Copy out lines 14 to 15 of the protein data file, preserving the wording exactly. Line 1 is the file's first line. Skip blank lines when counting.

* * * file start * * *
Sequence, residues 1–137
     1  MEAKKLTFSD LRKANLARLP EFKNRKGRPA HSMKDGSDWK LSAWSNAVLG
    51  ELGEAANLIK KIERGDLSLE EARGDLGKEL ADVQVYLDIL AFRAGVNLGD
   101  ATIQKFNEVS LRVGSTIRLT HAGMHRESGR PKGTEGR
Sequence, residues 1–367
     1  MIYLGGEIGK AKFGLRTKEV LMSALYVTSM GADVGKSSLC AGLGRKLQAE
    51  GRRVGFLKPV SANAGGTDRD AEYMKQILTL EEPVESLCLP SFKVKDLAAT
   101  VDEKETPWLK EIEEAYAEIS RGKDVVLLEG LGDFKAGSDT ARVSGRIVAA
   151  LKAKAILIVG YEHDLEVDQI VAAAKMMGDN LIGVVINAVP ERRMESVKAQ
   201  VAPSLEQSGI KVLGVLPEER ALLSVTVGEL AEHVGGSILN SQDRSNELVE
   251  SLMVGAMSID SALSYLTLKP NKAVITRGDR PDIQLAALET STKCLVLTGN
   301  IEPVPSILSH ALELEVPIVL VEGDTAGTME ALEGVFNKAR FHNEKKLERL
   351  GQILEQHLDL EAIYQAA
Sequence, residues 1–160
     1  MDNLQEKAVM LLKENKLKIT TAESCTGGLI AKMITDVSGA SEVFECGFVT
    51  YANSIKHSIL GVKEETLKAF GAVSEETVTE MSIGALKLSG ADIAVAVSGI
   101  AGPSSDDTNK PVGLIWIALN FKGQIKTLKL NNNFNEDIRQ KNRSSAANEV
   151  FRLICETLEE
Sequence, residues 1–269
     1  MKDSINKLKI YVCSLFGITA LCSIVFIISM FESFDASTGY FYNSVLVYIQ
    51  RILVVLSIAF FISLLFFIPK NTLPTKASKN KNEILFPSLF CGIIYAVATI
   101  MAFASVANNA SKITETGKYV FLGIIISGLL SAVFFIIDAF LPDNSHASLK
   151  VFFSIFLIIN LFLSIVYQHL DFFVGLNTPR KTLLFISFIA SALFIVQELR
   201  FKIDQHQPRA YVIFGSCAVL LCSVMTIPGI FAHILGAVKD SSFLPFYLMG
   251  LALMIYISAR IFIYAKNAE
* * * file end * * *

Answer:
Sequence, residues 1–160
     1  MDNLQEKAVM LLKENKLKIT TAESCTGGLI AKMITDVSGA SEVFECGFVT